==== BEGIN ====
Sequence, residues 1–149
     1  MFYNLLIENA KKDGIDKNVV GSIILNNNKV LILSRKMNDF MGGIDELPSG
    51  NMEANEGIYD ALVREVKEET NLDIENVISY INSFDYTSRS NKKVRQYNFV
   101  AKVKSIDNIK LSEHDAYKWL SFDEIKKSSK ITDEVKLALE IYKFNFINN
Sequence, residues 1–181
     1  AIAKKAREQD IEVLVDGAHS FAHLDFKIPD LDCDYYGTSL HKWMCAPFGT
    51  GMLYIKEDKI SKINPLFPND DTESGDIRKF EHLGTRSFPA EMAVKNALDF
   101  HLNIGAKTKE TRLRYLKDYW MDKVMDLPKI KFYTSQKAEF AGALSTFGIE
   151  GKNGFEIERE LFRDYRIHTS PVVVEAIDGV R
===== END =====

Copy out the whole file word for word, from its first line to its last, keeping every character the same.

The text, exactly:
Sequence, residues 1–149
     1  MFYNLLIENA KKDGIDKNVV GSIILNNNKV LILSRKMNDF MGGIDELPSG
    51  NMEANEGIYD ALVREVKEET NLDIENVISY INSFDYTSRS NKKVRQYNFV
   101  AKVKSIDNIK LSEHDAYKWL SFDEIKKSSK ITDEVKLALE IYKFNFINN
Sequence, residues 1–181
     1  AIAKKAREQD IEVLVDGAHS FAHLDFKIPD LDCDYYGTSL HKWMCAPFGT
    51  GMLYIKEDKI SKINPLFPND DTESGDIRKF EHLGTRSFPA EMAVKNALDF
   101  HLNIGAKTKE TRLRYLKDYW MDKVMDLPKI KFYTSQKAEF AGALSTFGIE
   151  GKNGFEIERE LFRDYRIHTS PVVVEAIDGV R